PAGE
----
Overall Objectives
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Application Domains
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Partnerships and Cooperations
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Section: Partnerships and Cooperations

Regional Initiatives


HIDINIM Digiteo project

Participants : Bertrand Thirion [Correspondant] , Virgile Fritsch.

High-dimensional Neuroimaging– Statistical Models of Brain Variability observed in Neuroimaging

This is a joint project with Select project team and with SUPELEC Sciences des Systèmes (E3S), Département Signaux & Systèmes Électroniques (A. Tennenhaus), 2010-2013.

Statistical inference in a group of subjects is fundamental to draw valid neuroscientific conclusions that generalize to the whole population, based on a finite number of experimental observations. Crucially, this generalization holds under the hypothesis that the population-level distribution of effects is estimated accurately. However, there is growing evidence that standard models, based on Gaussian distributions, do not fit well empirical data in neuroimaging studies.

In particular, Hidinim is motivated by the analysis of new databases hosted and analyzed at Neurospin that contain neuroimaging data from hundreds of subjects, in addition to genetic and behavioral data. We propose to investigate the statistical structure of large populations observed in neuroimaging. In particular, we investigate the use of region-level averages of brain activity, that we plan to co-analyse with genetic and behavioral information, in order to understand the sources of the observed variability. This entails a series of modeling problems that we address in this project: i) Distribution normality assessment and variables covariance estimation, ii) model selection for mixture models and iii) setting of classification models for heterogeneous data, in particular for mixed continuous/discrete distributions.

ICOGEN Digiteo project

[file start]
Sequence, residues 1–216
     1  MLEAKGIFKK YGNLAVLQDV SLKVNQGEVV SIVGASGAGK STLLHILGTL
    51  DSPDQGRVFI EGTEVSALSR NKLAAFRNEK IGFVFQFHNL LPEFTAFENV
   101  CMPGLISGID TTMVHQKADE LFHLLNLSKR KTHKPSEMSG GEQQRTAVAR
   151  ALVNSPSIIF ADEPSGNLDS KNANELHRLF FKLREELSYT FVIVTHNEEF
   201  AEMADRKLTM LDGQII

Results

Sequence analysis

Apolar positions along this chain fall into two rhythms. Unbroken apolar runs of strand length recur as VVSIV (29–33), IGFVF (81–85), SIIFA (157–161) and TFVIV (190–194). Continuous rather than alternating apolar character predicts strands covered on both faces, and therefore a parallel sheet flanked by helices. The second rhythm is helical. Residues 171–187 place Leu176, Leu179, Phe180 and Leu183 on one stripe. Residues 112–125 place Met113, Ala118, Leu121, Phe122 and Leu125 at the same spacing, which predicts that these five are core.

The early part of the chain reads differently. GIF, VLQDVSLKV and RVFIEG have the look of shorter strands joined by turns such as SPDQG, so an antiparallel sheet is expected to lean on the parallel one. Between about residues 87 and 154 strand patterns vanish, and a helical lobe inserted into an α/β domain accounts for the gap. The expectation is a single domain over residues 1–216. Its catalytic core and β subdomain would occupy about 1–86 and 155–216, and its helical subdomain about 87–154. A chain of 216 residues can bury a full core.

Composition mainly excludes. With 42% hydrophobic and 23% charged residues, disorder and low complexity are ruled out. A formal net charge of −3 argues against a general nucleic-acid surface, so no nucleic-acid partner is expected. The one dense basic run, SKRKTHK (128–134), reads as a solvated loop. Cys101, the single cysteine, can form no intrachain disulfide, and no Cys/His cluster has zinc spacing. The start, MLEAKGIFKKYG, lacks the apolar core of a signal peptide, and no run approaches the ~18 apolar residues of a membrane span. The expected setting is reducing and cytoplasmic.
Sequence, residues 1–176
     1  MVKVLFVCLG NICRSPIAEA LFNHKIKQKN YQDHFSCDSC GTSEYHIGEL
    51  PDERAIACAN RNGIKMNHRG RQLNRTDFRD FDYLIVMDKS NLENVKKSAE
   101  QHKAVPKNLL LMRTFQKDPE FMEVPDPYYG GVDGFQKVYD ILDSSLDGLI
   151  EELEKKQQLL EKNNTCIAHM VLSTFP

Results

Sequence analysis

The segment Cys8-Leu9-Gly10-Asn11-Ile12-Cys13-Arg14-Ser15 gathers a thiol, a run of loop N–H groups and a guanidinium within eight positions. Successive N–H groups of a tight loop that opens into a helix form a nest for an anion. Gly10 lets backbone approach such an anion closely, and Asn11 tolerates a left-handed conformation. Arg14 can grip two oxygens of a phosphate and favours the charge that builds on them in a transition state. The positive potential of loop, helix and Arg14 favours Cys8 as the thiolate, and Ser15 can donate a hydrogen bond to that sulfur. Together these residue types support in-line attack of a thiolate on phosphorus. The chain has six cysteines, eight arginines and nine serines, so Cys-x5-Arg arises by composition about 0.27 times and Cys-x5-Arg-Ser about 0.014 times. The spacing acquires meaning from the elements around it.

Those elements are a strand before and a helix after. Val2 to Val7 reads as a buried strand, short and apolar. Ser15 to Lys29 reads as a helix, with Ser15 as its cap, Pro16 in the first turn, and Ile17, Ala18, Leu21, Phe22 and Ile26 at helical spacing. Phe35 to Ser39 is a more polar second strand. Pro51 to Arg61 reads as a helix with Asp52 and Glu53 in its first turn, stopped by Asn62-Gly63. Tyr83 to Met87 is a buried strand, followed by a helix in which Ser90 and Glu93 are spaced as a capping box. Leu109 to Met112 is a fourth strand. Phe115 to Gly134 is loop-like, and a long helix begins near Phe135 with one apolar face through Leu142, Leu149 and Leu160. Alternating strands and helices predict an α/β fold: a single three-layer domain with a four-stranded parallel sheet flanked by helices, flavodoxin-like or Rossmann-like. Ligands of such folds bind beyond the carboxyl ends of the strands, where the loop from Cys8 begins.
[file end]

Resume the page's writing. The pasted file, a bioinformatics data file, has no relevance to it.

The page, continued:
Participants : Bertrand Thirion [Correspondant] , Benoit Da Mota.

ICOGEN : Intensive COmputing for GEnetic-Neuroimaging studies

Project supported by a Digiteo grant in collaboration with Inria’s KerData Team, MSR-Inria joint centre, Supélec Engineer School, Imagen project and CEA/Neurospin, 2012-2014.

In this project, we design and deploy some computational tools to perform neuroimaging-genetics association studies at a large scale.

Unveiling the relationships between genetic variability and brain structure and function is one of the main challenges in neuroscience, which can be partly addressed through the information conveyed by high-throughput genotyping on the one hand, and neuroimaging data on the other hand. Finding statistical associations between these different variables is important in order to find relevant biomarkers for various brain diseases and improve patient handling. Due to the huge size of the datasets involved and the requirement for tight bounds on statistical significance, such statistical analysis are particularly demanding and cannot be performed easily at a large scale with standard software and computational tools. In ICOGEN, we design and deploy some computational tools to perform neuroimaging-genetics association studies at a large scale. We implement and assess on real data the use of novel statistical methodologies and run the statistical analysis on various architectures (grids, clouds), in a unified environment.

SUBSAMPLE Digiteo chair

Participants : Bertrand Thirion [Correspondant] , Gaël Varoquaux, Alexandre Abraham.

Parietal is associated with this Digiteo Chair by Dimitris Samaras, in which we will address the probabilistic structure learning of salient brain states (PhD thesis of Alexandre Abraham, 2012-2015).